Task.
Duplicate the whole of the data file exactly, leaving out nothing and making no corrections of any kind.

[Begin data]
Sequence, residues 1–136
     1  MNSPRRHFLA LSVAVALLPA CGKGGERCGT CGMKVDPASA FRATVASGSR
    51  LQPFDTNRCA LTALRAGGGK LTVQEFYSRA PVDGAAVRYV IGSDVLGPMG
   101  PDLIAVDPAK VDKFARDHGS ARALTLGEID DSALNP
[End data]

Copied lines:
Sequence, residues 1–136
     1  MNSPRRHFLA LSVAVALLPA CGKGGERCGT CGMKVDPASA FRATVASGSR
    51  LQPFDTNRCA LTALRAGGGK LTVQEFYSRA PVDGAAVRYV IGSDVLGPMG
   101  PDLIAVDPAK VDKFARDHGS ARALTLGEID DSALNP